My last “Risky Business” column was the last “Risky Business” column. Starting now, the column’s name is “Professional Practice.” Why the change? Because, truth be told, the civil engineering business is not that much riskier than any other professional service business. What makes civil engineering seem riskier is civil engineers. They have three strikes against them.
Strike one — Civil engineers are taught to be civil engineering professionals, not civil engineering businesspeople. The result: They know a lot about civil engineering and all too little about business in general and the professional service business in particular.
Strike two — Many civil engineers are ineffective communicators. Some, it seems, sense these deficits at an early age and find comfort in math and science, where a lack of expository skills doesn’t matter all that much; numbers do the talking.
Strike three — Many civil engineers have weak interpersonal skills, except when it comes to other civil engineers who want to talk about civil engineering. Regrettably, in the civil engineering business, most of the folks civil engineers deal with are businesspeople, administrators, “finance guys,” contractors (who may be graduate civil engineers but now live in a far different world), government officials, and so on. Those civil engineers who do not fit the stereotype — the gregarious extroverts — have a huge advantage over their less-outgoing brethren because the service business in general and the professional service business in particular are all about people.
In columns during the last nine years, I’ve addressed risk by identifying those business functions you need to know more about to perform better. However, professionals deal with risk avoidance in different ways. Take ASFE/The Geoprofessional Business Association, for instance.
ASFE began life as an organization committed to helping its member firms manage their risks, especially through contract provisions. The overriding goal was to delineate via contract who was and was not responsible for what. ASFE’s experience, gathered through numerous case histories, showed that being responsible for more, rather than less, reduced risk because it meant fewer communication gaps and less reliance on others whose attitudes and capabilities could be subpar.
Unfortunately, some geoprofessionals seem to display a “dark-side” mentality when it comes to risk. They focus on risk avoidance by relying on contracts and scopes of service that minimize their responsibility, believing that less responsibility results in less risk — a concept 180 degrees from ASFE’s. Plumping up billability by focusing only on work and sacrificing opportunities for establishing strong relationships with client representatives, contractor representatives, and others is wrong. Do it and you will fail in the professional service business.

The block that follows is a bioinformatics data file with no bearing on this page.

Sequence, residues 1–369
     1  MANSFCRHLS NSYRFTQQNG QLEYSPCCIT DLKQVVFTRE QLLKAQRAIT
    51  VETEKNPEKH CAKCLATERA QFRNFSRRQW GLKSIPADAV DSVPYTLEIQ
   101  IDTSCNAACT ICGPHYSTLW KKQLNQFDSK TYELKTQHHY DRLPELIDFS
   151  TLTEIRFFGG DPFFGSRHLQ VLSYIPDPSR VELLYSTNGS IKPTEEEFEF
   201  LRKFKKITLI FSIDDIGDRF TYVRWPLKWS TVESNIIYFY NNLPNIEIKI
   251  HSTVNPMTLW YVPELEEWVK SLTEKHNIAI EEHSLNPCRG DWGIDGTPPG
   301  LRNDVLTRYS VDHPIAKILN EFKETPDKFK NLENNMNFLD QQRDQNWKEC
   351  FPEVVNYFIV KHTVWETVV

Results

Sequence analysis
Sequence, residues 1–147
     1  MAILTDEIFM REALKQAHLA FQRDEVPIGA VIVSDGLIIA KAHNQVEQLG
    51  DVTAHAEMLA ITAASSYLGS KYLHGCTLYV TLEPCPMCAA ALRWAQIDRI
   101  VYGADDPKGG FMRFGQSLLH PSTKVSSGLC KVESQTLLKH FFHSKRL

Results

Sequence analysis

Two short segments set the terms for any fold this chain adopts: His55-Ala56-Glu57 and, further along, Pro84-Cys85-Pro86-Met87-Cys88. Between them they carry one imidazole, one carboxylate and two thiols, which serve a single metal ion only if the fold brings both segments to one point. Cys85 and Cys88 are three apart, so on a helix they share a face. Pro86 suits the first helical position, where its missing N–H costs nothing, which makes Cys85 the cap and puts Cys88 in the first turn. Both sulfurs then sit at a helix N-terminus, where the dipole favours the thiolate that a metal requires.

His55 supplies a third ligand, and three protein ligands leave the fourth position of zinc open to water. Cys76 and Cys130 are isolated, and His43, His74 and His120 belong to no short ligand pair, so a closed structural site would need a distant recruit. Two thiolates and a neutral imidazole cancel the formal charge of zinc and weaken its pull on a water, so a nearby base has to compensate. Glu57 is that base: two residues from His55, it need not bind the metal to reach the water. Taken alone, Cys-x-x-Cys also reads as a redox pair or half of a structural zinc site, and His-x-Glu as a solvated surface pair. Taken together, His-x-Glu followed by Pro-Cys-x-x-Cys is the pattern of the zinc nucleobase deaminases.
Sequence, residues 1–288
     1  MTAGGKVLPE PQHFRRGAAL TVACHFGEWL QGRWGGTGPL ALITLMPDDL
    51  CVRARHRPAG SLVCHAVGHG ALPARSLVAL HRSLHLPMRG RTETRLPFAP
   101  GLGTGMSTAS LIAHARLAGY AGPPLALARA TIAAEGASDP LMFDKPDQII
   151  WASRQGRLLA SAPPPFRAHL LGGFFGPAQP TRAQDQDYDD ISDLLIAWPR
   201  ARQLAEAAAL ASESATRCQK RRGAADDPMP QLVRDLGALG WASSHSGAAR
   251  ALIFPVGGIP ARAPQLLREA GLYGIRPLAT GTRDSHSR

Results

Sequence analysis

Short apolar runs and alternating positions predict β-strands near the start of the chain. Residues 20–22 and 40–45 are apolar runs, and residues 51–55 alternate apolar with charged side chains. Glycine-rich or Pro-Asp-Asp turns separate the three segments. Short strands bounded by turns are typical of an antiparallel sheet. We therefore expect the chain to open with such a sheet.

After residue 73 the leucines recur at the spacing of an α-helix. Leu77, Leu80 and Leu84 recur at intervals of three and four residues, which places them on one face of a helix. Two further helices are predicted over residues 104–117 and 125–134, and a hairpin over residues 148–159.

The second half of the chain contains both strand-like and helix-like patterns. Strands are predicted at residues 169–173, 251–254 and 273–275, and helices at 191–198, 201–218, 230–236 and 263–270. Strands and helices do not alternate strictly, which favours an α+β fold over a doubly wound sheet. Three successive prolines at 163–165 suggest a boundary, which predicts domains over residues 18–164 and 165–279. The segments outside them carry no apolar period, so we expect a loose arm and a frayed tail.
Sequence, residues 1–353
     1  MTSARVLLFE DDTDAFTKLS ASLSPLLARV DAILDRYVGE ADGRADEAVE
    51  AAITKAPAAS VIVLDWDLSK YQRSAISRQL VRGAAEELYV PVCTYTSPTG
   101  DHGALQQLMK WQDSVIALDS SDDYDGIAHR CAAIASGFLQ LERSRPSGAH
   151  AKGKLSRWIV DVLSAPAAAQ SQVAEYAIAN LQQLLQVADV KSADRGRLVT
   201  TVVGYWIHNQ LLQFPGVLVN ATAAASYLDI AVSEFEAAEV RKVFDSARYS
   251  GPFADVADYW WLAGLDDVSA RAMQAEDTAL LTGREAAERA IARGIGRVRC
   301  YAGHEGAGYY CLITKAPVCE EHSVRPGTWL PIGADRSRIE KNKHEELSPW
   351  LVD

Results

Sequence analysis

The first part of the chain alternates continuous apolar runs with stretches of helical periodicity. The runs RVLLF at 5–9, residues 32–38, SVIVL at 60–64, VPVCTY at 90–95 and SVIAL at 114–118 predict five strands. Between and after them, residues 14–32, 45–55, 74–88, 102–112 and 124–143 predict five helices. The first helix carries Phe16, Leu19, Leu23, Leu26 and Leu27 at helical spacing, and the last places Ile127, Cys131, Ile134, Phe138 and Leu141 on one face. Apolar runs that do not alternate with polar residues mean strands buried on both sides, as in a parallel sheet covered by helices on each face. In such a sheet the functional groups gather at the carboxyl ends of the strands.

Firms that buy into ASFE’s approach have lowered their risk exposures significantly, while building relationships that result in repeat business; client requests to open new offices and offer new services; recommendations and referrals from an array of construction industry friends and colleagues; and strong profits, among many other benefits. They have learned through experience that no business is, in some cases, far better than some business, given the clients involved, and that even high-risk projects are acceptable as long as they educate their client’s representatives and therefore obtain the scope of service required to make the risks less onerous.
Most important, technoprofessionals who are at ease in management don’t have to focus so hard on risk because effective risk management is an inherent component and outcome of effective business management. Their management skill frees them to formulate a vision for the future and put into place the planning required to get them there. Those who still focus mostly on risk lack such luxuries.
Can you learn what you need to learn to be an outstanding civil engineering business professional? Absolutely. In fact, the civil engineering approach to problem-solving is a key attribute of many business leaders (about two of every 10 Fortune 500 CEOs hold Bachelors of Science in engineering) and why so many Bachelor of Science, Civil Engineering graduates are recruited to businesses other than civil engineering. You need to learn about key business issues. You need to write better. And, of course, you need to speak better. Accomplish those things and you can take your civil engineering business wherever you want to take it, with less or no more risk than that posed by other service businesses.
John P. Bachner is the executive vice president of ASFE/ The Geoprofessional Business Association, a not-for-profit association of geoprofessional firms — firms that provide geotechnical, geologic, environmental, construction materials engineering and testing (CoMET), and related professional services. ASFE develops programs, services, and materials that its members apply to achieve excellence in their business and professional practices. He can be contacted at firstname.lastname@example.org.